When asked if the government should borrow more than budgeted, he said given the already high debt-to-GDP ratio, borrowing beyond the budgeted level should be avoided to the extent possible.
“For sure, there is going to be additional expenditure not foreseen at the time of the budget. The free food grain programme plus the expanded free vaccines will cost the government up to 0.5 per cent of GDP. Perhaps more may need to be spent depending on how the situation evolves,” he said.
According to Subbarao, it may unfortunately become necessary to cut some desirable capital expenditure to meet the safety-net expenditures.
“But such expenditure switching is a better option than borrowing more.”
He also said that the government could of course consider some one-time tax measures such as a cess on corporate profits, capital gains and sin taxes.
On inflation, Subbarao pointed out that as per RBI’s policy statement, the current inflation reading of 5.1 per cent is largely due to supply constraints.
“If economic activity revives sooner than is currently expected, demand pressures will ignite inflation calling upon the RBI to adjust their policy stance,” he said.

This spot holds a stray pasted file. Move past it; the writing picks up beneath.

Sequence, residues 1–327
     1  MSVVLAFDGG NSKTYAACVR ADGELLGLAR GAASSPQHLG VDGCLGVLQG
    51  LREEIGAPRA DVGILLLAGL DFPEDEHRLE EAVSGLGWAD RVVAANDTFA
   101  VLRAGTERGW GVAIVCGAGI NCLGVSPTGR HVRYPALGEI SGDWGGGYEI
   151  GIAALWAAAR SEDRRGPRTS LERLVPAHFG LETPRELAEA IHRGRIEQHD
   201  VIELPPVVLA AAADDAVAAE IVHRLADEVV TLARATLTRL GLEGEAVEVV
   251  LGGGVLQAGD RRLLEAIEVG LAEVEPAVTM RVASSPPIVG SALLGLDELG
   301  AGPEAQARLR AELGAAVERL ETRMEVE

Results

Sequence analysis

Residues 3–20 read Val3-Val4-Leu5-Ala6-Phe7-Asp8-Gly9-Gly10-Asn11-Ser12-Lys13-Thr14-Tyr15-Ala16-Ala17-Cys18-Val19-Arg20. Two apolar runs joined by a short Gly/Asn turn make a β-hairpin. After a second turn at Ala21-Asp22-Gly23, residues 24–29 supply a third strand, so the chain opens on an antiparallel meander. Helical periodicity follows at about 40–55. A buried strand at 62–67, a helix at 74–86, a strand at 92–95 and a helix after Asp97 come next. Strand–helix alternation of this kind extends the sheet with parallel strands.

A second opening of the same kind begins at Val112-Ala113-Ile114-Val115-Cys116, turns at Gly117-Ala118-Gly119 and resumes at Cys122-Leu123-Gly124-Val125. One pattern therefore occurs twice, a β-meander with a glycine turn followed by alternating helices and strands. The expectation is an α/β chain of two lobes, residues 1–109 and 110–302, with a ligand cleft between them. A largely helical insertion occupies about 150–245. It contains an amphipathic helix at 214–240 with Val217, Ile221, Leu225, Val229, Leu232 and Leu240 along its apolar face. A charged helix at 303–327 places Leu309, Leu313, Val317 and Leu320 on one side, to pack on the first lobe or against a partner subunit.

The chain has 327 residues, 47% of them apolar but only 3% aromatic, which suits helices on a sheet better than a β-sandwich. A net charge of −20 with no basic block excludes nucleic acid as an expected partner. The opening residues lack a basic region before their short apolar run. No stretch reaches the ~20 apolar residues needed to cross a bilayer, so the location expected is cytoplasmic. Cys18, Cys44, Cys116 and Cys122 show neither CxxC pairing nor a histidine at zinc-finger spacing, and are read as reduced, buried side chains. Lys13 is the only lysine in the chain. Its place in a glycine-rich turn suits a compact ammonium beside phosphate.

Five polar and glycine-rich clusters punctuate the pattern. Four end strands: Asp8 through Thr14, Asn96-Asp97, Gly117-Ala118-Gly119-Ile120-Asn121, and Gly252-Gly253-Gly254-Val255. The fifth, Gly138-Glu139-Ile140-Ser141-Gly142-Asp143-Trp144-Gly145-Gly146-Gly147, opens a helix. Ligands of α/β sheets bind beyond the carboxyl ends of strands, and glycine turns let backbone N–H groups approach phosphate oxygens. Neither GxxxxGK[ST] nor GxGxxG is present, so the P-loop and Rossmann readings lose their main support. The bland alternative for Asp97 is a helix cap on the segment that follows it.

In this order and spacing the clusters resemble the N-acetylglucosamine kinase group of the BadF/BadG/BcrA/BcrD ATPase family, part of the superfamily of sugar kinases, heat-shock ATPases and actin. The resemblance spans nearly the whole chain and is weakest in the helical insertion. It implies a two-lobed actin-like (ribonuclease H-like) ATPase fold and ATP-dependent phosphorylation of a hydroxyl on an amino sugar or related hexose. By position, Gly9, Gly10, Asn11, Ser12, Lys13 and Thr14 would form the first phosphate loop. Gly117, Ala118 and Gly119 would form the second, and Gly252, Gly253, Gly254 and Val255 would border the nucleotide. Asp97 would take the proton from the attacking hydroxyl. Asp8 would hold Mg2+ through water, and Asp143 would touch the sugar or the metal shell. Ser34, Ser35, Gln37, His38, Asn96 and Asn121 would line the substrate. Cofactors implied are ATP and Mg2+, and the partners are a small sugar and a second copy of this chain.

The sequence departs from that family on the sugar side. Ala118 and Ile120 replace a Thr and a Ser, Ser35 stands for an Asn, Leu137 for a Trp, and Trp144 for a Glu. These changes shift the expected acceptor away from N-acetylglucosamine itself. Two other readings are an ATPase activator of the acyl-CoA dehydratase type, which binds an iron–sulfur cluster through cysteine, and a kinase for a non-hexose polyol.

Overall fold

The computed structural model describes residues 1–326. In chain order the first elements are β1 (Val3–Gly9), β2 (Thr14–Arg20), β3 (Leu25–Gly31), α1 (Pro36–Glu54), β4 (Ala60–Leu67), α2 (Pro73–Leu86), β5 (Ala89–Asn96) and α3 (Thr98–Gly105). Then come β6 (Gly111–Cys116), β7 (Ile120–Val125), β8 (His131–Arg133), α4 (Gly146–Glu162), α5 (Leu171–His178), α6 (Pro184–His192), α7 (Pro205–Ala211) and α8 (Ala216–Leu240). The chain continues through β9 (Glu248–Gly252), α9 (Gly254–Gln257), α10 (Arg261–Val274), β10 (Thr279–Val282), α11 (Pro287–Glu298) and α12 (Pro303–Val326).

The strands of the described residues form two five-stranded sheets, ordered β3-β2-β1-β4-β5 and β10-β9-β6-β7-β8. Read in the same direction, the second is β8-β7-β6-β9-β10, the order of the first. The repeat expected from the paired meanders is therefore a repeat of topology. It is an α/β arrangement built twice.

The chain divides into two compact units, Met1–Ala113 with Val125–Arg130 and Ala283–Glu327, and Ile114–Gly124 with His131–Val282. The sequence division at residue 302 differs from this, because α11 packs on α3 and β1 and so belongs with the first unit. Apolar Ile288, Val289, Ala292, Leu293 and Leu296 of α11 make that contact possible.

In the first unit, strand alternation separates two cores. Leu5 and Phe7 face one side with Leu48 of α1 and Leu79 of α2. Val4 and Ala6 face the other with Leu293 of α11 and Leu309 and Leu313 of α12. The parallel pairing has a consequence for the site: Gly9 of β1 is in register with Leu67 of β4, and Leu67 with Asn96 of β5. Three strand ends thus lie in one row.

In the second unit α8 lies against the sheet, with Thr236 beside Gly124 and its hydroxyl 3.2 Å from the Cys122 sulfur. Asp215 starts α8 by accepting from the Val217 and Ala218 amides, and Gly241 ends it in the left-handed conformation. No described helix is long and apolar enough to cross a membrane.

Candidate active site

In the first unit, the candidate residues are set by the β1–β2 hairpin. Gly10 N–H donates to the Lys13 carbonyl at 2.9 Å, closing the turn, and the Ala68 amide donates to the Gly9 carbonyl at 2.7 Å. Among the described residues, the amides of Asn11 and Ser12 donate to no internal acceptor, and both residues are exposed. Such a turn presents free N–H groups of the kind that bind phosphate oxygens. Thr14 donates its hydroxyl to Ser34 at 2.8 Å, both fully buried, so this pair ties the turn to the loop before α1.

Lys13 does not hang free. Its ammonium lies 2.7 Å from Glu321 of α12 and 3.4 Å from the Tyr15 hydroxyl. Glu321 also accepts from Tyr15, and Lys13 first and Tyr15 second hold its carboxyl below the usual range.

On being asked about the impact of the global situation on India’s short-term economic prospects, Subbarao said the world is experiencing a multi-speed recovery. “Developed countries, and China too, are expected to grow rapidly this year, many of them reaching pre-pandemic levels of output, and in the case of China, even surpassing it,” he said adding this should provide demand for our exports as was evident to some extent in the growth number for the first quarter (Jan-March) of this year.
Subbarao opined that the flip side of global recovery is that global commodity prices, including the price of crude, will firm up which will have substantial implications for India’s growth and inflation prospects.